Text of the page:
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calm act

Discussion in 'General DISH™ Discussion' started by satcrazy, Nov 10, 2012.

  1. satcrazy

    satcrazy Icon

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    Mar 15, 2011
    Great...
    calm act supposedly takes effect next month.:lol:

    wanna bet that doesn't happen?

    I believe the date is the 15th.

    extensions granted if stations can proove hardship. [ yup, I can read hoppa all over this]:rolleyes:
     
  2. n0qcu

    n0qcu Legend/Supporter DBSTalk Gold Club

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    Huh??

    Sent from my DROIDX ....
     
  3. James Long

    James Long Ready for Uplink! Staff Member Super Moderator DBSTalk Club

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    Hopper/Joey and the ViP have commercial volume technology built in to them.
     
  4. Inkosaurus

    Inkosaurus Icon

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    Jul 29, 2011
  5. tymekeeper

    tymekeeper Legend

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    I have a VIP 722 with firmware 7.27. Does yours work when "activated" If I read the "help" right it says "digital output on rear of receiver" which I take to mean the "optical" going to the home theater system. I don't think this includes a HDMI cable. I have both but don't seam to notice a difference especially on local channels.
     
  6. James Long

    James Long Ready for Uplink! Staff Member Super Moderator DBSTalk Club

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    I've moved on to the Hopper, so I can't answer from personal experience.
     
  7. jsk

    jsk Icon

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    Fallston, MD
    Broadcast has had long standing regulations that said that commercials couldn't be greatly louder than the programs. I guess this act includes cable & satellite and probably decreases the allowed variances for broadcast. Dish has never been bad with this (even when I had a 322 years ago), but cable tends to be horrible sometimes with the local commercials.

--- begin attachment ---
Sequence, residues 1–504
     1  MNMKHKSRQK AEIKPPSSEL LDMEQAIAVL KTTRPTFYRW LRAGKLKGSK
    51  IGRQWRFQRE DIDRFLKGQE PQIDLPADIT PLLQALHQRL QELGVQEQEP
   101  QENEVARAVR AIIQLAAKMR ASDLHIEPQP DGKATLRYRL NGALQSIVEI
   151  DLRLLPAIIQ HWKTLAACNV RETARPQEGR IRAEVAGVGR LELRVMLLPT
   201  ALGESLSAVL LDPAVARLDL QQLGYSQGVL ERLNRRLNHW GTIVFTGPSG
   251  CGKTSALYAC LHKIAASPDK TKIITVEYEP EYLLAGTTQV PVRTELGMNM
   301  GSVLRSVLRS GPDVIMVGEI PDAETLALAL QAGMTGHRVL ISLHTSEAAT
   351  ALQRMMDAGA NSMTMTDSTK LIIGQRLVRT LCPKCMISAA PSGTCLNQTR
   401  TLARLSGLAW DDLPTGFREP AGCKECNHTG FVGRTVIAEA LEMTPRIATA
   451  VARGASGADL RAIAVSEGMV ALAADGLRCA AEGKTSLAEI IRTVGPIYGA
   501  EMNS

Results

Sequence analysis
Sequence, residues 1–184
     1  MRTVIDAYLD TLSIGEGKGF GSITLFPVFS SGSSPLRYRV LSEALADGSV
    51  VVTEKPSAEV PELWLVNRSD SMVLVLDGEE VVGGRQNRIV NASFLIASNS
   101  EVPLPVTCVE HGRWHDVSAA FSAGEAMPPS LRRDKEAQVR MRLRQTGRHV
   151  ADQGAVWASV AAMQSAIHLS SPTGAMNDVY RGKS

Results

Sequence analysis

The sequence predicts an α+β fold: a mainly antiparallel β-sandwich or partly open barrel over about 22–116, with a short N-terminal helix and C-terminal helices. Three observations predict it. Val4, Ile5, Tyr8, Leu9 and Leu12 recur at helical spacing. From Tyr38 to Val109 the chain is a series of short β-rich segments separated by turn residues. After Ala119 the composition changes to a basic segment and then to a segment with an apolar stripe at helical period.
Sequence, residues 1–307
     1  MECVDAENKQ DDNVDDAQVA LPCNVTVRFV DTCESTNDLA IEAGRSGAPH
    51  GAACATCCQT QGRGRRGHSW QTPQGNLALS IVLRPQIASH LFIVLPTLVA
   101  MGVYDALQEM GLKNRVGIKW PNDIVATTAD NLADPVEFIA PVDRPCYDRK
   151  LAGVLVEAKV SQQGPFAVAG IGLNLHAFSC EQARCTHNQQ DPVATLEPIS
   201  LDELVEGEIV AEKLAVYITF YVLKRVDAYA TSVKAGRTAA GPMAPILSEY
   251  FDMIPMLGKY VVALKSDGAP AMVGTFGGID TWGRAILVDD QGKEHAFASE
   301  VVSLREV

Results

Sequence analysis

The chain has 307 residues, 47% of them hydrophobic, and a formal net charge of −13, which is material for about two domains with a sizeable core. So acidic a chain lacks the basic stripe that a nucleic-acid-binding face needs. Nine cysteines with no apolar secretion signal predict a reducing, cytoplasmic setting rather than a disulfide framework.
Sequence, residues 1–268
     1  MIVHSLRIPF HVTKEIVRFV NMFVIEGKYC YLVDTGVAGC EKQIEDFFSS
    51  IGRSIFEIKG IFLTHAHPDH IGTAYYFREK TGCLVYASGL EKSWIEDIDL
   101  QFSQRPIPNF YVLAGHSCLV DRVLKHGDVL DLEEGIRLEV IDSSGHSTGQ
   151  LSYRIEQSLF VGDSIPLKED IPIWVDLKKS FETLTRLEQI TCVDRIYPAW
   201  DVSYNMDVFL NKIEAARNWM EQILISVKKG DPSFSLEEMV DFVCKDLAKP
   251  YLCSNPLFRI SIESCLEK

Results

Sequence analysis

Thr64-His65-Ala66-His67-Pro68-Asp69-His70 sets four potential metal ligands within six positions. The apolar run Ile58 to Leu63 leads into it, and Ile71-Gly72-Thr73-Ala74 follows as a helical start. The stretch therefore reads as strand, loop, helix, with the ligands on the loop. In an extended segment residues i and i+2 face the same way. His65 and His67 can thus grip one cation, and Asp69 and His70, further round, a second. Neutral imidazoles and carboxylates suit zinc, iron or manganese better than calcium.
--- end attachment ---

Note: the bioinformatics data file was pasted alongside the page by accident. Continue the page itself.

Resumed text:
8. SayWhat?

    SayWhat? Know Nothing

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    I'll take louder commercials if they'll ban all the crap on the screen obscuring the programs.
     
  9. satcrazy

    satcrazy Icon

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    Mar 15, 2011
    Great...
    I've got the 222k, "audio leveling enabled"

    NO difference. [ I have had three of these 222k's, audio leveling never seemed to make a bit of difference]

    most commercials are louder, some are even louder still.

    Calm act, I believe will pertain to cable and satellite as well as others.

    I just don't see the "calm act" being enforce anytime soon, even though next month was the deadline:nono2:
     
  10. tymekeeper

    tymekeeper Legend

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    +1 Guess we will have to wait and see. I have some locals I have to turn down 8 levels and more on my home theater and audio out of dish box between one station and another. Every station is different and not just commercials.
     
  11. Jim5506

    Jim5506 Hall Of Fame

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    I don't like the way the volume leveling technology dulls the audio.

    I leave it off and turn the volume down with the remote if needed, more exercise that way :D.
     
  12. James Long

    James Long Ready for Uplink! Staff Member Super Moderator DBSTalk Club

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    For prime time on the networks the Hopper works pretty good for not needing to worry about commercial volume levels. Or pictures. :)
     
  13. Michael P

    Michael P Hall Of Fame